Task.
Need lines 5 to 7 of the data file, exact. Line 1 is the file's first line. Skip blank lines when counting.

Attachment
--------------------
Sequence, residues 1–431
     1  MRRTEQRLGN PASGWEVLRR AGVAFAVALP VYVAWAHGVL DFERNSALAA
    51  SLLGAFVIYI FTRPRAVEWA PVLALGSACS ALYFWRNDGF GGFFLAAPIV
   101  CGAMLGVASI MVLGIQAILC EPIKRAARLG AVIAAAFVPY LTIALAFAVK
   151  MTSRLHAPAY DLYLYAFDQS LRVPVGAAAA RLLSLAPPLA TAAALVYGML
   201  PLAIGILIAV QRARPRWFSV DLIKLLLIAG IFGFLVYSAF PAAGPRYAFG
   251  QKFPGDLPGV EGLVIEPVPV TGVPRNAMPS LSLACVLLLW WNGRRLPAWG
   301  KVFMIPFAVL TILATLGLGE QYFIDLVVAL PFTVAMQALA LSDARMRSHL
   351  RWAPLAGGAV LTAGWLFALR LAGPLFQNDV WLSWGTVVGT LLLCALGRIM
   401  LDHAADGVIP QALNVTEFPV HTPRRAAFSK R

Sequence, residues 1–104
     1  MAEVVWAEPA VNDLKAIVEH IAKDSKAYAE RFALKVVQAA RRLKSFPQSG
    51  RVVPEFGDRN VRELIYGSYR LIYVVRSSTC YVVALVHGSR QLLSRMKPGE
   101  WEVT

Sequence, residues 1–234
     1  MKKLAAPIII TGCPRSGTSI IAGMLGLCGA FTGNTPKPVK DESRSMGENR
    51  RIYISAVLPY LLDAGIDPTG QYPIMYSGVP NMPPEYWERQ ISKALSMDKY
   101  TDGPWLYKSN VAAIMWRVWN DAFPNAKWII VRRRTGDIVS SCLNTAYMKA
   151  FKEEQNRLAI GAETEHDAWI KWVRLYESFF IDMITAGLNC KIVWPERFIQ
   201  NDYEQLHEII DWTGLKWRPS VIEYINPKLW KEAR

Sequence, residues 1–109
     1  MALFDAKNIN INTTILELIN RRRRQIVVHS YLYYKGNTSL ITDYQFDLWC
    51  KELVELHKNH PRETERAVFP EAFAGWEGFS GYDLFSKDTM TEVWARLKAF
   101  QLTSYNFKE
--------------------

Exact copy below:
   151  MTSRLHAPAY DLYLYAFDQS LRVPVGAAAA RLLSLAPPLA TAAALVYGML
   201  PLAIGILIAV QRARPRWFSV DLIKLLLIAG IFGFLVYSAF PAAGPRYAFG
   251  QKFPGDLPGV EGLVIEPVPV TGVPRNAMPS LSLACVLLLW WNGRRLPAWG